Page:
Saturday, July 26, 2014

That was then...

John Kerry at the Democratic National Convention in 2012..
Again and again, the other side has lied about where this president stands and what this president has done. But Prime Minister Netanyahu set the record straight—he said, our two countries have "exactly the same policy…"—"our security cooperation is unprecedented..." When it comes to Israel, I'll take the word of Israel's prime minister over Mitt Romney any day.
President Obama promised to work with Russia to reduce the threat of nuclear weapons and signed an historic treaty that does just that. He promised to lock down nuclear materials around the world, and he has done just that. He refused to accept the false choice between force without diplomacy or diplomacy without force.
When a brutal dictator promised to kill his own people "like rats," President Obama enlisted our allies, built the coalition and shared the burden, so that today—without a single American casualty—Moammar Gadhafi is gone and the people of Libya are free.
So on one side of this campaign, we have a president who has made America lead like America again. What is there on the other side? An extreme and expedient candidate, who lacks the judgment and vision so vital in the Oval Office. The most inexperienced foreign policy twosome to run for president and vice president in decades
Emphasis added to point out his perceived successes.  But that was then, this is now:
  • Time Mag headline announcing a "Cold War II" after Russian complicity in the shoot-down of a passenger jet, with no significant consequences; 
  • Israel and HAMAS locked in battle after a failed secret 9 month peace effort was abandoned;
  • Iraq down the drain due to instability in Syria, where the administration failed to effectively intervene leaving over 200,000 dead civilians with a renewed precedent of allowing a dictator to remain in power after using WMDs;
  • part of Ukraine ceded to Putin, who remains one of the main interlocutors over the US-led Iranian nuke agreement talks (which the Iranians just violated without penalty);
  • and a teetering pause in Afghanistan after a contested election with the Taliban salivating as US troops prepare to bug out (after we traded 4 top terrorists for an Army deserter). 

Now this:
The U.S. Embassy in Libya evacuated its personnel on Saturday because of heavy militia violence raging in the capital, Tripoli, the State Department said. About 150 personnel, including 80 U.S. Marines were evacuated from the embassy in the early hours of Saturday morning and were driven across the border into Tunisia, U.S. officials confirm to CNN.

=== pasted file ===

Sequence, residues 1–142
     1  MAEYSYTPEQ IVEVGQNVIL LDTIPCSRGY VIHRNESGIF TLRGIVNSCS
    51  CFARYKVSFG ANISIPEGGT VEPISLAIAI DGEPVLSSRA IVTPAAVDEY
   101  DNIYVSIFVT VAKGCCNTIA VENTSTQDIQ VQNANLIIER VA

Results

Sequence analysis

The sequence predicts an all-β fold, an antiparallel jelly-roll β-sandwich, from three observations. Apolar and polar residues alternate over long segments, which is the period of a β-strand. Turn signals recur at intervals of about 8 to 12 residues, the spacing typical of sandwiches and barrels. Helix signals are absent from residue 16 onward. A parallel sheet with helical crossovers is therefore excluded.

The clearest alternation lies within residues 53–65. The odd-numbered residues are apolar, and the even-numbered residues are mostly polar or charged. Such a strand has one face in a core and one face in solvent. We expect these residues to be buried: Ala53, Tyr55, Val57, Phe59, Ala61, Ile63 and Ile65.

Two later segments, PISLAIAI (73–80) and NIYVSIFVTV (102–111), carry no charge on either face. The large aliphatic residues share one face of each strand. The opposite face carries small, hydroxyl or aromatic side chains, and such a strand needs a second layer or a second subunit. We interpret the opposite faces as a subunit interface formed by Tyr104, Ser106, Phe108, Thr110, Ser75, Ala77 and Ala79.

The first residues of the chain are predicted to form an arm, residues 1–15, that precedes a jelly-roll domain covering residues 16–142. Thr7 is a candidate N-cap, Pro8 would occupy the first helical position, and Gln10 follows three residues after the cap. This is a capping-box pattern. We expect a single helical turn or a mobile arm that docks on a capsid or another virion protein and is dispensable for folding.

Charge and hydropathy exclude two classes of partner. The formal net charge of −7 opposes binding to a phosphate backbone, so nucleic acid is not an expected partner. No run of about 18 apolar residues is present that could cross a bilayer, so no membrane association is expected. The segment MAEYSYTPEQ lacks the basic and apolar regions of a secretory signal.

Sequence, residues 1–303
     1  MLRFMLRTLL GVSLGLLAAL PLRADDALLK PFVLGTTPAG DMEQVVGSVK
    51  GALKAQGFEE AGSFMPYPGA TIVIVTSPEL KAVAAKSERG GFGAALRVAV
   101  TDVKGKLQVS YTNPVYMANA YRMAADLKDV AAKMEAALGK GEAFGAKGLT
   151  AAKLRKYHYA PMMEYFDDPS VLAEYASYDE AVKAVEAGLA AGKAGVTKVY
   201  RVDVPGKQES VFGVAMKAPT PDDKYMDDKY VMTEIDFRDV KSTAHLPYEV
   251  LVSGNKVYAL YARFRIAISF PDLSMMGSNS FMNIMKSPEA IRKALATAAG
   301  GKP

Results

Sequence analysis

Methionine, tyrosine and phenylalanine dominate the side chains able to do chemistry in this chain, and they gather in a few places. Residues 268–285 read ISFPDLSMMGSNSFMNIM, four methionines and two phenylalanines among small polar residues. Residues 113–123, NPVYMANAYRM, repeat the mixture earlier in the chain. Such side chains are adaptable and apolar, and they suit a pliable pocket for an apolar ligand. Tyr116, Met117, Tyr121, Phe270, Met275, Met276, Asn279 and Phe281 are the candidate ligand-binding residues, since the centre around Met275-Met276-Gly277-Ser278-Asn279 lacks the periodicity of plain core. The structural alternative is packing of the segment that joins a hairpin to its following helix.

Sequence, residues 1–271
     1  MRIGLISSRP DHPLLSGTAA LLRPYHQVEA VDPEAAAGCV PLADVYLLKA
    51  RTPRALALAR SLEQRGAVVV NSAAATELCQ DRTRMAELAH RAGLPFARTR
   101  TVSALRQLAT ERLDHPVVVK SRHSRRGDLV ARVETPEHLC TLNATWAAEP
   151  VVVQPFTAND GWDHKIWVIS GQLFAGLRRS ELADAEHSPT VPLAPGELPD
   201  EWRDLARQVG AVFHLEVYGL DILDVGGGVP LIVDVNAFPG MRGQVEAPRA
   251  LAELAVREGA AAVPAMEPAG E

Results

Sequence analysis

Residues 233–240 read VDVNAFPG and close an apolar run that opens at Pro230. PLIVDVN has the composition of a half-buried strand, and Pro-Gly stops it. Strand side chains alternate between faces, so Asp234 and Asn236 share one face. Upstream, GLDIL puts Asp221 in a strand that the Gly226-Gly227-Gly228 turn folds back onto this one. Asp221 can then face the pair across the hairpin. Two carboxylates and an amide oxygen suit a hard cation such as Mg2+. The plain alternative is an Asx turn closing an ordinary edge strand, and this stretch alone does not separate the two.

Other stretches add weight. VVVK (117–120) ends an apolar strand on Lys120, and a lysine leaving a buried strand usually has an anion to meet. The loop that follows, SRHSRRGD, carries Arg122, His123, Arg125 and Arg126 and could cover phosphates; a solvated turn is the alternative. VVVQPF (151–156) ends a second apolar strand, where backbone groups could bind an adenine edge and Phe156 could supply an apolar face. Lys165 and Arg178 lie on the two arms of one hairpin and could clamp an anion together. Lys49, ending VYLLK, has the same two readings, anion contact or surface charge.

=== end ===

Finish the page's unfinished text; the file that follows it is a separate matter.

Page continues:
It's hard to imagine how things could be going much worse in all these hotspots.  Meanwhile, the US's fuzzy foreign policy has surely reduced the confidence and trust of our partners and allies around the world.  But this post isn't about reveling in failure to score points, as all these events are bad for America.  No, it's about confirming that blind arrogance sputtered by inept politicians trying to parlay past US failures (or media-fueled narratives of failure) into political victories does nothing to actually prevent bad things from happening once they get into power.  Photo-ops of politicians pushing reset buttons aren't magic. Words and deeds can and should come back to haunt those who use them just to get ahead or belittle opponents.

The president's current projection of nonchalance (going out fund-raising, drinking beer in pool halls, eating hamburgers and such) is no doubt a planned strategy, perhaps to show the world these terrible blow-ups are still beneath the level of alerting a US president.  However, the posturing has done nothing to solve the problems, while raising concern from the American people.  For any other leader it might be time to give a prime time address on foreign policy.   For this president it's not entirely clear whom he believes to be the main enemy.


Here's part of a statement from the guy who proclaimed that Obama had freed Libya:
He blamed the "freewheeling militia violence," caused by jihadist groups that have only grown in power since the ouster of former president Muammar Gaddafi, for creating an environment in which the diplomatic activities at the Libya embassy had to be suspended.
"A lot of the violence is around our embassy but not on the embassy, but nevertheless it presents a very real risk to our personnel," Kerry said.
Does the pottery barn analogy apply here?

No comments: